Asking good questions (Matthew 8:1-4)

The questions you ask shape what you become.

Want good answers? Ask good questions.

We all bring own questions and interests and beliefs to Scripture when we read. To understand its message well, set your agenda aside for a while, bathe in the text, and let it raise questions for you.

Try it with this short story:

Matthew 8:1–4 (ESV)
When he came down from the mountain, great crowds followed him. And behold, a leper came to him and knelt before him, saying, “Lord, if you will, you can make me clean.” And Jesus stretched out his hand and touched him, saying, “I will; be clean.” And immediately his leprosy was cleansed. And Jesus said to him, “See that you say nothing to anyone, but go, show yourself to the priest and offer the gift that Moses commanded, for a proof to them.”

What questions does this story raise for you?

You might ask:

  1. Why did the leper kneel before Jesus (v.2)? What did that action mean for him?
  2. Why did he ask to be made clean rather than to be healed (v.2)? Was he sick or dirty?
  3. How come a holy person like Jesus touched an unclean person (v.3)? Wouldn’t that defile Jesus?
  4. If the guy had been cleansed by Jesus, why did he still need to go and offer a sacrifice (v.4)?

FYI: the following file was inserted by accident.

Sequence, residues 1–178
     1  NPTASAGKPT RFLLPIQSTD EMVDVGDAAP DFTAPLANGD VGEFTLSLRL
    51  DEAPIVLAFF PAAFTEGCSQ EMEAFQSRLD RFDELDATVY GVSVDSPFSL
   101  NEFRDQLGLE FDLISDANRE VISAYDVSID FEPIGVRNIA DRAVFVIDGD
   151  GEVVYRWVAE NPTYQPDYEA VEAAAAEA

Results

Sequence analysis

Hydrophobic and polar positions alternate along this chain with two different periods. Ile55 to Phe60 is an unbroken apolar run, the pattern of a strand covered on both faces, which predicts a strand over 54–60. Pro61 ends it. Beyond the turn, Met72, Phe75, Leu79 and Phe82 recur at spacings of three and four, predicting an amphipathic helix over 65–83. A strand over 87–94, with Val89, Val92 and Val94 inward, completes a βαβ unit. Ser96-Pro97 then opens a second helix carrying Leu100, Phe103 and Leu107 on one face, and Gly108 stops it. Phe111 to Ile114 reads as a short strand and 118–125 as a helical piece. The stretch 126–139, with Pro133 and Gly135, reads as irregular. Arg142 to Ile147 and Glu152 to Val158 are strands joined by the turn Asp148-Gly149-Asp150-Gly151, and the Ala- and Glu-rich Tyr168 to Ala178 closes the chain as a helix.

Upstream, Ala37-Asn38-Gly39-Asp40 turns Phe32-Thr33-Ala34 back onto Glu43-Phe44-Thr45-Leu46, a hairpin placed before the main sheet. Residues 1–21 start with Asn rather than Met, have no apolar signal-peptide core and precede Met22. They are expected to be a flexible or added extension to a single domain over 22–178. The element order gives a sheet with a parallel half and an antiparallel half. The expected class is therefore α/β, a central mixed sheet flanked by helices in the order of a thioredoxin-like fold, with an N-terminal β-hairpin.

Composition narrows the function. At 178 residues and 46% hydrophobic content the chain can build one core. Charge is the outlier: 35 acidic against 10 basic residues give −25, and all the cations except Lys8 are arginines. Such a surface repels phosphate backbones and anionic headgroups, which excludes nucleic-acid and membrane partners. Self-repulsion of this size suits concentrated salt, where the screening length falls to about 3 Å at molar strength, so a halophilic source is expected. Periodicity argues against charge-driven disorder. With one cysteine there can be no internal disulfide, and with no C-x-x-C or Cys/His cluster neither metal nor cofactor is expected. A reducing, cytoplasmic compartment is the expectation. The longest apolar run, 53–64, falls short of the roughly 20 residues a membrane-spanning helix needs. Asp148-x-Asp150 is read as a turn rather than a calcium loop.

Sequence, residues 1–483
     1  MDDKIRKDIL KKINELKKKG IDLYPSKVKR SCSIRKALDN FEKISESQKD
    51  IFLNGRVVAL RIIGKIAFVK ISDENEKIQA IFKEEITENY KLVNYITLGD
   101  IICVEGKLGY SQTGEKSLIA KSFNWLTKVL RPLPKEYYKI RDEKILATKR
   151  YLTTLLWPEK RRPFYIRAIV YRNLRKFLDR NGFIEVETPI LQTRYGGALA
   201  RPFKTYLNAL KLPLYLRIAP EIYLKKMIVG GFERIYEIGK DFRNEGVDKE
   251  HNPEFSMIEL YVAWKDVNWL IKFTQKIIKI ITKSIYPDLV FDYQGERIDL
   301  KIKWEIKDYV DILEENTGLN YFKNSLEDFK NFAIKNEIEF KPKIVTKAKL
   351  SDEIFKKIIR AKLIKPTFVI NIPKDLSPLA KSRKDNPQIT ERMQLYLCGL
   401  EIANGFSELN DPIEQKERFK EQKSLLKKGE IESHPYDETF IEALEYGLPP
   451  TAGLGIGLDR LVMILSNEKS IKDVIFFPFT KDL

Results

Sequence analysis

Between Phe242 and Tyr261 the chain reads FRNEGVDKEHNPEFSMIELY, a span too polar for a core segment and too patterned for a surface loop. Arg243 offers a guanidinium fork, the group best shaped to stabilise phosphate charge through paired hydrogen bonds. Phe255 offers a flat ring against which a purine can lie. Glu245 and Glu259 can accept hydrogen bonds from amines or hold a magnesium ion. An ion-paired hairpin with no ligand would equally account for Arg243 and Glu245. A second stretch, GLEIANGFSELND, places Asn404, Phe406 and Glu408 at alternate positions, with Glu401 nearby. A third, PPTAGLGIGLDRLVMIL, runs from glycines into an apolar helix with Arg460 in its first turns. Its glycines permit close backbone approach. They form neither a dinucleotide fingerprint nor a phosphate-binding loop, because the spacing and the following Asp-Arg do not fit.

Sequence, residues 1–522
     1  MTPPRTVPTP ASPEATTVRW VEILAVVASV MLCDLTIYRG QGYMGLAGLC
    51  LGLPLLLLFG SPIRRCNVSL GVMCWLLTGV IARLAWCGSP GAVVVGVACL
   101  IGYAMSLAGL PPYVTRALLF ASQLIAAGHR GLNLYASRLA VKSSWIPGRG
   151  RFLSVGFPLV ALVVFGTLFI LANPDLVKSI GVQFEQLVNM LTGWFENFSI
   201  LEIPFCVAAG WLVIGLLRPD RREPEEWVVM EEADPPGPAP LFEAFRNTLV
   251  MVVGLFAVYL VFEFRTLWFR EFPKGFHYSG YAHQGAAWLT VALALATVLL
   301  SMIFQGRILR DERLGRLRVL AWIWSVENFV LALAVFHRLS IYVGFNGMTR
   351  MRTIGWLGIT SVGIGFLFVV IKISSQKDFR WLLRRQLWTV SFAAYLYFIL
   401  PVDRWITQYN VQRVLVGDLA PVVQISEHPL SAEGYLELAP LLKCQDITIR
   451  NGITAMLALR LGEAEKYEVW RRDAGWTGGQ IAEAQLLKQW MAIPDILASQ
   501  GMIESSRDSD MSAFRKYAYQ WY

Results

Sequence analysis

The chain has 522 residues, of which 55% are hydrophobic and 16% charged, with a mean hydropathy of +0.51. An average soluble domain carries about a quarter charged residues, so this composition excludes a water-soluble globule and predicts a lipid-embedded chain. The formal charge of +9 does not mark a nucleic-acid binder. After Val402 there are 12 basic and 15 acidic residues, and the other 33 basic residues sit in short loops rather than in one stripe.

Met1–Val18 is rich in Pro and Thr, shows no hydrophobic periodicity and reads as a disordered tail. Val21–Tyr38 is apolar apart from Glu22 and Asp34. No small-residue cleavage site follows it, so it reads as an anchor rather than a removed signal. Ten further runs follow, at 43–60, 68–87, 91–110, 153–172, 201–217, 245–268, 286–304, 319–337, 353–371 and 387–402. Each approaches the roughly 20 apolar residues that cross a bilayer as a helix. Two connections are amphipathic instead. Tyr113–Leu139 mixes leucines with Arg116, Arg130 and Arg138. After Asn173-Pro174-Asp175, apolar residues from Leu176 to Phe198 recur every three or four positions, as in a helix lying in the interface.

5. Why was he to say nothing to anyone (v.4)? How was that ever going to work? (Think about his family life.)

So how do you find answers to your questions? Ask more questions! For example, you might research how and when other people knelt in ancient times. To whom did they kneel? What did it mean for them? Which of these meanings seems likely for this man?

To understand this man’s problem, you might look for passages for Old Testament about lepers. There’s quite a bit in Leviticus 13–14.

It’s okay if the text raises more questions than it solves. That’s how you grow. Curiosity cures stagnation. There’s no cure for curiosity.


What others are saying

Richard A. Burridge, Four Gospels, One Jesus? A Symbolic Reading (London: SPCK, 2005), 21:

The gospels invite readers to enter their world, to listen to Jesus’ words, to watch his great deeds, to appreciate their understanding of him, and to ask ourselves the same questions as the people in the text: ‘who is this man?’ (Mk. 4:41)

Bruce Corley et al, Biblical Hermeneutics: A Comprehensive Introduction to Interpreting Scripture, 2nd ed. (Nashville, TN: Broadman & Holman, 2002), 132:

People read the Bible for many reasons. The kind of truth one seeks in it inevitably shapes the questions the reader asks of it.

Roy B. Zuck, Basic Bible Interpretation: A Practical Guide to Discovering Biblical Truth. (Colorado Springs, CO: David C. Cook, 1991), 10:

We must know the meaning of the Bible before we can know its message for today. We must understand its sense for then before we can see its significance for now. … The first step, observation, asks, What does it say? The second step, interpretation, asks the question, What does it mean? The third step, application, raises the question, How does it apply to me? Interpretation is perhaps the most difficult and time-consuming of these three steps.

[previous: Hearing the king]

[next: Why kneel?]

Author: Allen Browne

Seeking to understand Jesus in the terms he chose to describe himself: son of man (his identity), and kingdom of God (his mission). Riverview Church, Perth, Western Australia

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